Grand Theft Auto

The highly anticipated iteration of the Grand Theft Auto franchise hit the shelves on April 14th 2015, with both AMD and NVIDIA in tow to help optimize the title. GTA doesn’t provide graphical presets, but opens up the options to users and extends the boundaries by pushing even the hardest systems to the limit using Rockstar’s Advanced Game Engine under DirectX 11. Whether the user is flying high in the mountains with long draw distances or dealing with assorted trash in the city, when cranked up to maximum it creates stunning visuals but hard work for both the CPU and the GPU.

For our test we have scripted a version of the in-game benchmark. The in-game benchmark consists of five scenarios: four short panning shots with varying lighting and weather effects, and a fifth action sequence that lasts around 90 seconds. We use only the final part of the benchmark, which combines a flight scene in a jet followed by an inner city drive-by through several intersections followed by ramming a tanker that explodes, causing other cars to explode as well. This is a mix of distance rendering followed by a detailed near-rendering action sequence, and the title thankfully spits out frame time data.

 

There are no presets for the graphics options on GTA, allowing the user to adjust options such as population density and distance scaling on sliders, but others such as texture/shadow/shader/water quality from Low to Very High. Other options include MSAA, soft shadows, post effects, shadow resolution and extended draw distance options. There is a handy option at the top which shows how much video memory the options are expected to consume, with obvious repercussions if a user requests more video memory than is present on the card (although there’s no obvious indication if you have a low-end GPU with lots of GPU memory, like an R7 240 4GB).

To that end, we run the benchmark at 1920x1080 using an average of Very High on the settings, and also at 4K using High on most of them. We take the average results of four runs, reporting frame rate averages, 99th percentiles, and our time under analysis.

All of our benchmark results can also be found in our benchmark engine, Bench.

MSI GTX 1080 Gaming 8G Performance


1080p

4K

ASUS GTX 1060 Strix 6G Performance


1080p

4K

Sapphire Nitro R9 Fury 4G Performance


1080p

4K

Sapphire Nitro RX 480 8G Performance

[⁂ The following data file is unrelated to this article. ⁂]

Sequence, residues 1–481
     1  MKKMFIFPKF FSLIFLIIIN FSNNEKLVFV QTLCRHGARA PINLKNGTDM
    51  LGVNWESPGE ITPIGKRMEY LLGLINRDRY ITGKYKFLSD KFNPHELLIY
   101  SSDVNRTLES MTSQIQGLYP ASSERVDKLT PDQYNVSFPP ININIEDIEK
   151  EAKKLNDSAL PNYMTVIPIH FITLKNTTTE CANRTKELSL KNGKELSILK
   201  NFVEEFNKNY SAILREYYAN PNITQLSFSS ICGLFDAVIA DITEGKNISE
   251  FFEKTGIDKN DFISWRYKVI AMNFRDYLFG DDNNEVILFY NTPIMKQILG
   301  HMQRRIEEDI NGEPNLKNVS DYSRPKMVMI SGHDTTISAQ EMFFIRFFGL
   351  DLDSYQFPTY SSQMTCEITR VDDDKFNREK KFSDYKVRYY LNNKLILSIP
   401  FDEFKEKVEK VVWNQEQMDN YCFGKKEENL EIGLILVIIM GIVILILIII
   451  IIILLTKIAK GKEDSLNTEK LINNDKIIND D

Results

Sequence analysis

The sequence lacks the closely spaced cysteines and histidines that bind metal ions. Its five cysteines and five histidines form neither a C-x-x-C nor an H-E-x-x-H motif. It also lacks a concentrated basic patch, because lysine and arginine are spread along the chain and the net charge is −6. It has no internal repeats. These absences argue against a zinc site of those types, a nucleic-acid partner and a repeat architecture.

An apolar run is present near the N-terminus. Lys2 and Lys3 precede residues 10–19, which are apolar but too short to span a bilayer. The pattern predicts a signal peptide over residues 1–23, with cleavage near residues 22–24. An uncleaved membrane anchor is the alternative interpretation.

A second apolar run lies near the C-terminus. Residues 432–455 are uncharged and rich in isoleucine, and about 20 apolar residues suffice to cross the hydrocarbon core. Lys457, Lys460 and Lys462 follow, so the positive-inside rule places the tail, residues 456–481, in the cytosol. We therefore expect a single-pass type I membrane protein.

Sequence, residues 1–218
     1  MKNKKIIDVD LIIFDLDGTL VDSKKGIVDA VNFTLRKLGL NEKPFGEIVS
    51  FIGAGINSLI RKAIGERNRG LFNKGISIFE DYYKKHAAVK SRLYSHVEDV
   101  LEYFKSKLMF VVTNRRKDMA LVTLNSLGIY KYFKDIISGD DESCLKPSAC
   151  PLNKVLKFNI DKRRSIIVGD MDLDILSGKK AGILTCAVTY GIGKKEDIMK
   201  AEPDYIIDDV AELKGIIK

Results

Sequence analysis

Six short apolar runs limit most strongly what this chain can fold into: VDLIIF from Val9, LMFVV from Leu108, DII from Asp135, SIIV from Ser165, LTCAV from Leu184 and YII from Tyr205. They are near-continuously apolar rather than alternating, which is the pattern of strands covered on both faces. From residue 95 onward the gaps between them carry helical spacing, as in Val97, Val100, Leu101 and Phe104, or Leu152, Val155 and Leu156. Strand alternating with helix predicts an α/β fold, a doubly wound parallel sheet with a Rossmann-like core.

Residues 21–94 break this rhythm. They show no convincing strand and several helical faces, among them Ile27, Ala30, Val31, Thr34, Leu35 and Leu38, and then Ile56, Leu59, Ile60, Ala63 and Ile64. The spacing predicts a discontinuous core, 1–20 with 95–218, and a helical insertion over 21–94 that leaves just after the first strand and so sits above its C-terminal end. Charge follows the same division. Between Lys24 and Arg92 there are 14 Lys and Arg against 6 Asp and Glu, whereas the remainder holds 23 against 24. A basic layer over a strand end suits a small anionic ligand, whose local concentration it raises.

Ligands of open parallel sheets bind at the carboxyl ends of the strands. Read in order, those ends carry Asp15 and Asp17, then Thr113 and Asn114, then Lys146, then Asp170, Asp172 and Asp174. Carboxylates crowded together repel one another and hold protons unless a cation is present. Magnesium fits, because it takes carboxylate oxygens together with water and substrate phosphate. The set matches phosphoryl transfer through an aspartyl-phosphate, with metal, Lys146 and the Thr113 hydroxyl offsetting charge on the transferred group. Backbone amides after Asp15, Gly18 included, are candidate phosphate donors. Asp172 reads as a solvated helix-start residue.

1080p

4K

Depending on the CPU, for the most part Threadripper performs near to Ryzen or just below it.

CPU Gaming Performance: Rocket League (1080p, 4K) Power Consumption and Distribution
POST A COMMENT

349 Comments

View All Comments

  • goldgrenade - Thursday, January 04, 2018 - link

    Idk, I use my 1920x for gaming and working, and... really everything. Second best CPU on the market with 1950x beating it out unless you can't get enough cooling.

    LOVE this CPU.
    Reply
  • rauelius - Thursday, August 17, 2017 - link

    I really want to build a 1920x1080 build. Reply
  • offcracks - Friday, August 18, 2017 - link

    I resigned my office-job and now I am getting paid 94 DOLLLAR hourly. How? I work over internet! My old work was making me miserable, so I was forced to try something different, two years after...I can say my life is changed-completely for the better!
    <a href="http://offcracks.com/2017/06/ultravnc-1215-portabl... rel="nofollow">ultravnc portable</a>
    Reply
  • offcracks - Friday, August 18, 2017 - link

    hi this is a nice blog i really love it.keep it up
    http://www.offcracks.com/
    Reply
  • goku4liv - Saturday, August 19, 2017 - link

    21/08/2017 INTEL LAUNCH 8 SERIES OF CPU................. AMD DEAD !! Reply
  • goldgrenade - Thursday, January 04, 2018 - link

    HAHAHAHA xD
    Hope you invested in AMD despite your comment. Looks like my gut instinct in buying AMD since 2009 was right. Intel chips have a security flaw, that when fixed for series 8 and 9 will remove approximately 30% of performance...

    So who has the best chip now? Take 30% off any Intel benchmark against its then AMD rival and see which one would have been better.
    Reply
  • Draven31 - Saturday, August 19, 2017 - link

    NUMA appeared in Windows machines in 1998/1999 with the SGI Visual PC (which, yes, was a windows machine) and iirc, a workstation from Intergraph about the same time. Reply
  • halotron - Friday, March 16, 2018 - link

    The benchmark Chromium Compile is excellent!
    Please do that for the next 2000-series of Ryzen/Threadripper as well.
    Thanks
    Reply

Log in

Don't have an account? Sign up now